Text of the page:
Guest blog post by Ethan Johnson, plant records curator at The Holden Arboretum
Carya ovata (shagbark hickory)
Light: full sun
Soil type: moist, acid to neutral
Mature size: 70’- 90’ or more by about 2/3’s as wide
Best location: USDA Zones 4b-8b
Source: Through a landscaper or by mail order
Carya ovata, a ruggedly handsome tree, is native to eastern North America from Iowa to Quebec, south to Texas and Georgia. Disjunct populations occur in the mountains of northeastern Mexico. It is the larval food for luna moth, walnut sphinx and also the royal walnut moth whose larval stage is called hickory horned devil. The hickory horned devil starts out by camouflaging itself as a bird dropping before trying to intimidate would-be predators. Surprisingly, the walnut sphinx caterpillar can “whistle” at potential attackers to put them off.
Hickories are in the walnut family (Juglandaceae). The name Carya comes from Greek mythology, and is the name of a maiden who the God Dionysius turned into a walnut tree once he could no longer have his way with her. Hickory is derived from the Powhatan (Virginia Algonquian) language.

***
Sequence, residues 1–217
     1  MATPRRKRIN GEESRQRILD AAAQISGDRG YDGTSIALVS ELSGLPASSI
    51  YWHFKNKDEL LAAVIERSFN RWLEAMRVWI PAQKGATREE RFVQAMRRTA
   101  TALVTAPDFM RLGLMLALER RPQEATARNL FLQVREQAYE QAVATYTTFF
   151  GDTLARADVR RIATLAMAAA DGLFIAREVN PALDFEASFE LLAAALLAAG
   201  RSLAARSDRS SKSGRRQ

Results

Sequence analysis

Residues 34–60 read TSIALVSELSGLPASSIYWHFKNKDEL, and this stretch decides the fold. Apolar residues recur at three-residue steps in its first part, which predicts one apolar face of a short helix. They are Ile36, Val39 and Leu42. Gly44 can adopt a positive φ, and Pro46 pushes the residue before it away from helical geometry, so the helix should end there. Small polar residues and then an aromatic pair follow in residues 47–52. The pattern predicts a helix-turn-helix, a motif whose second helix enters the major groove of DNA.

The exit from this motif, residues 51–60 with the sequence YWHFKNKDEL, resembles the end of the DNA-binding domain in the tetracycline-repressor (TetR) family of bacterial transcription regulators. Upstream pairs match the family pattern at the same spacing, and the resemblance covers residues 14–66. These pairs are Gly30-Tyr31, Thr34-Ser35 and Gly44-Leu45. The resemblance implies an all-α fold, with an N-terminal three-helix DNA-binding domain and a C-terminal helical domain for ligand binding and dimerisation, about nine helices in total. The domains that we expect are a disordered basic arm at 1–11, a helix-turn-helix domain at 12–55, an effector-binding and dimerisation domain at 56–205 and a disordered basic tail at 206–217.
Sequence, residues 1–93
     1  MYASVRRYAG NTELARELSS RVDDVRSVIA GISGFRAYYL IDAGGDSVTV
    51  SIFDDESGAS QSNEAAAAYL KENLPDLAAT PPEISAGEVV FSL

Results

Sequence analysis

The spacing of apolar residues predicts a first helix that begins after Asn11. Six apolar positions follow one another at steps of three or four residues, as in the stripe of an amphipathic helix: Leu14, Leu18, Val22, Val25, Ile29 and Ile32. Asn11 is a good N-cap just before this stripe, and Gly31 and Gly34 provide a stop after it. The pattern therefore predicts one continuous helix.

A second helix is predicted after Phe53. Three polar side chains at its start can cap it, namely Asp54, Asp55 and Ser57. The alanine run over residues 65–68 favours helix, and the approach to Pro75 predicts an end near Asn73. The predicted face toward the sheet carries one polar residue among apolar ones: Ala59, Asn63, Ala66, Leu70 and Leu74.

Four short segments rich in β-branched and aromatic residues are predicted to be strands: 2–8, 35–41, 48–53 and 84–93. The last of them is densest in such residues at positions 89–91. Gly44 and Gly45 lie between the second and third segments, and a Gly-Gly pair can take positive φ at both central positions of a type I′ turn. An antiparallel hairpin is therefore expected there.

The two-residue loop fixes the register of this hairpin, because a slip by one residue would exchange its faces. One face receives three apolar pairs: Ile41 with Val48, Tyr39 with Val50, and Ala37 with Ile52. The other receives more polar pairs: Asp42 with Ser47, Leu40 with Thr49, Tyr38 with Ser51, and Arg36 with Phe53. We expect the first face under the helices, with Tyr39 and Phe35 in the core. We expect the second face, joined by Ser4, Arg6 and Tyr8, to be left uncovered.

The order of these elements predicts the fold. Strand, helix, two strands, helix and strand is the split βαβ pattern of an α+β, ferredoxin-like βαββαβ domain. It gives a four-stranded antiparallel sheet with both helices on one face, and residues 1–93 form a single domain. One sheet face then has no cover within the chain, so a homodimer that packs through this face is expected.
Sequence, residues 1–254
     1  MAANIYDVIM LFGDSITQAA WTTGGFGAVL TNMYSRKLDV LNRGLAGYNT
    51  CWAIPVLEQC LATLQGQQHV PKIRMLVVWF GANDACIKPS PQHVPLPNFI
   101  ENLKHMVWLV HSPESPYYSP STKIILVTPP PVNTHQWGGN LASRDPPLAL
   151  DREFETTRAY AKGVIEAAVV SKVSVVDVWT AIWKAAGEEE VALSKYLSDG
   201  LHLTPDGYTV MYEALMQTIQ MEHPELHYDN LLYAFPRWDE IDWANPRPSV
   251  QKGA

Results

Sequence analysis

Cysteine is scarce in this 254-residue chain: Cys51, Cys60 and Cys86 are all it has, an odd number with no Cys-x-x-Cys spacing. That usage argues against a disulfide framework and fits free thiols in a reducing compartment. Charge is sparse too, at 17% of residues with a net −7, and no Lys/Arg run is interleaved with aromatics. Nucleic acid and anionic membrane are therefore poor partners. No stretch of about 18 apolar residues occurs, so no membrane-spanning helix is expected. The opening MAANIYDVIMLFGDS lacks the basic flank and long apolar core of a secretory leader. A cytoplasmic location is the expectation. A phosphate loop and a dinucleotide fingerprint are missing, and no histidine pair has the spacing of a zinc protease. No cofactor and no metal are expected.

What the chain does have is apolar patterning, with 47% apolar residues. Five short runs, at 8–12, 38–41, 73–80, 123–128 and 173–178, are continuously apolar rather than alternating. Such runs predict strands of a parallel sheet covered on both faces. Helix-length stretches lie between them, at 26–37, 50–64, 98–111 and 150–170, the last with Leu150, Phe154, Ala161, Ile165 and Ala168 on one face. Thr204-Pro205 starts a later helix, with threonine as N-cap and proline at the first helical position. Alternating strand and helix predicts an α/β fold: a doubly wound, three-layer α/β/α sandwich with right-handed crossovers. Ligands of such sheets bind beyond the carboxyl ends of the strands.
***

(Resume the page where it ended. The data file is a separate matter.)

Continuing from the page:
Shagbark hickory was a quintessential tree of the early American frontier. Andrew Jackson, the seventh president of the United States, was given the name “old hickory” by the men under his command in recognition of his toughness. Jackson planted a grove of shagbark hickories at the Hermitage, his Tennessee home. Sadly, the original trees were destroyed by a tornado in 1998.
There are a number of shagbark hickories at The Holden Arboretum. Many shagbarks were preserved during construction of the Helen S. Layer Rhododendron Garden including several in Heath Vale, near Oak Pond and Sturm Bog. There is a distinctive 95’ tall double-trunked specimen at Lantern Court in the wood line north of the house. Closer to the Corning Visitor Center, in the Arthur S. Holden Sr. Hedge Collection, is a fine young Carya ovata ‘Holden’. This grafted tree, planted in 1984 now measures about 43 feet tall and 30 feet wide. Shagbark hickories typically begin bearing nuts at 40 years of age when grown from seed and have heavy crops at intervals of 1-3 years. Carya ovata ‘Holden’ was selected from a large old tree with weeping branches in Hudson, Ohio (1966, named in 1970) by Holden’s landscape architect William A. Strong.
If you missed this article in the latest edition of Leaves, consider joining The Holden Arboretum’s membership to keep up-to-date on planting tips, upcoming events, and nature hikes!